Indoor Harvest: Growing for a Green Future

Indoor Harvest

The decades-old war on drugs had an unintended but positive impact on today’s rapidly growing cannabis industry. Many popular cannabis strains would not exist if growers had not been forced to hide their small operations indoors in backrooms, attics and closets. Over time, indoor grow rooms evolved into environmentally controlled growing operations. In many ways, these operations became R&D incubation centers for the businesses emerging in today’s cannabis industry. The problem is that grow operations still tend to be small and not easily scalable in a cost-effective and environmentally friendly way.

Indoor Harvest is a company addressing the challenges growers face when they need to increase yield while remaining conscientious of their environmental footprint. The company’s mission is to bring next-generation vertical farming solutions and aeroponic designs to the cannabis industry, while also focusing on customization to reduce costs. Vertical farming is a crop cultivation system that uses vertically-inclined or stacked growing surfaces. It enables growers to addresses both land use and climate challenges by optimizing space and creating a stable growing environment.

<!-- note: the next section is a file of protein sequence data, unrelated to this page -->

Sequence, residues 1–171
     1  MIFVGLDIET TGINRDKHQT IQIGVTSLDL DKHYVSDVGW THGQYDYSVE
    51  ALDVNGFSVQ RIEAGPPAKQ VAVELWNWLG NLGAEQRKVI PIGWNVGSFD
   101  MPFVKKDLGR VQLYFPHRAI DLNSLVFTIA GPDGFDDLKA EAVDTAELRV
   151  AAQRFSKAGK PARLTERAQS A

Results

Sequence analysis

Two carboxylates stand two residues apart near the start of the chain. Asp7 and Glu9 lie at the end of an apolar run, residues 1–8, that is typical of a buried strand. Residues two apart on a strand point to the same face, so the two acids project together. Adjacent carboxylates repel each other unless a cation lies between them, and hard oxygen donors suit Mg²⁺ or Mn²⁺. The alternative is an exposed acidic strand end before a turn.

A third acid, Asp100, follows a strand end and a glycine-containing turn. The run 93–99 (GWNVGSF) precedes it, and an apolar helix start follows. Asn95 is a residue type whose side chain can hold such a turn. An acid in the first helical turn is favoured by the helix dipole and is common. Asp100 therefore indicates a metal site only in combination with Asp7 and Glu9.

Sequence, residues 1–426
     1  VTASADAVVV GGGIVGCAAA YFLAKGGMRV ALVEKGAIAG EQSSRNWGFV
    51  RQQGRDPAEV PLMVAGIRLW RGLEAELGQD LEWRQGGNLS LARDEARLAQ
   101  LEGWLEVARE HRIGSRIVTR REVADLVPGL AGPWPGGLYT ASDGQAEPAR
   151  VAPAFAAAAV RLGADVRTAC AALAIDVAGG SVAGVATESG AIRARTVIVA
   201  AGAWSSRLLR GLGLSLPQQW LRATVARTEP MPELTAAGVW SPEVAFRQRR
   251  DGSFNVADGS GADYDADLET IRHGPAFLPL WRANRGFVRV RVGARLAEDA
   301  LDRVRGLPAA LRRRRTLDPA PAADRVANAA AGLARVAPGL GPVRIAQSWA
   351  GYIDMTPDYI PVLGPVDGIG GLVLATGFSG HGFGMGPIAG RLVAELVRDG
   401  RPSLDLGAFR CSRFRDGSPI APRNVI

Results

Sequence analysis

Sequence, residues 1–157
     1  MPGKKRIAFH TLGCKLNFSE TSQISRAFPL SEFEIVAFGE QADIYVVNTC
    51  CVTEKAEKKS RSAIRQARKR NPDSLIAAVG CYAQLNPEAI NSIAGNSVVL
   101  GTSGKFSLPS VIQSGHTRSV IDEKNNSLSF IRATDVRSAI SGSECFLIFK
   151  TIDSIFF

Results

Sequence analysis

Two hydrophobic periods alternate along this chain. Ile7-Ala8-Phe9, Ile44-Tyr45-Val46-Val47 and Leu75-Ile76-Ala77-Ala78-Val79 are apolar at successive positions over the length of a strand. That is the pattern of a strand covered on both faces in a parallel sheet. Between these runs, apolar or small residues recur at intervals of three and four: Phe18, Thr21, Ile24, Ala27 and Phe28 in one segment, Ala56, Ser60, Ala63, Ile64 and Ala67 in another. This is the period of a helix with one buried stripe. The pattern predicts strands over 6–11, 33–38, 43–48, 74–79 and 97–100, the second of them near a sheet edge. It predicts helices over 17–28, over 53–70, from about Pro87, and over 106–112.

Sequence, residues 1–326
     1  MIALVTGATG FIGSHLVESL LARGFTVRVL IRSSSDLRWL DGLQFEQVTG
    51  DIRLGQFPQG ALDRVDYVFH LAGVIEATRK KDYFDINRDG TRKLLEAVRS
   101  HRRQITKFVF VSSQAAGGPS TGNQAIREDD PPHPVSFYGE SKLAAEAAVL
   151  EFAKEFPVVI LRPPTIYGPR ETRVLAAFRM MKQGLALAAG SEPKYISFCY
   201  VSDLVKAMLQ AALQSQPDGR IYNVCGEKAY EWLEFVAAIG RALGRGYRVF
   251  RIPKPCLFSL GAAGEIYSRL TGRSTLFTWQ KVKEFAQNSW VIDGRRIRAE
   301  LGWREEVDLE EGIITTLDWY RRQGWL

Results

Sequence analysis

Indoor Harvest’s CEO, Chad Sykes, recognizes the potential of the cannabis industry to become a model for sustainable growing practices, noting, “The industry we serve is only just now gaining traction. We are at the cusp of a new era in agriculture as concerns over the environment and sustainability take center stage.”

Employing its high-tech greenhouse methods, such as modern hydroponic and aeroponic technologies, Indoor Harvest is showing the potential to increase quality and availability of ecologically safe cannabis. Indoor farms, in general, can improve urban accessibility to fresh harvests, despite existing environmental barriers such as a region’s climate or humidity, while also contributing to lower shipping and handling costs and less spoilage. Specifically, Indoor Harvest offers innovative and efficient “green” solutions in the following ways: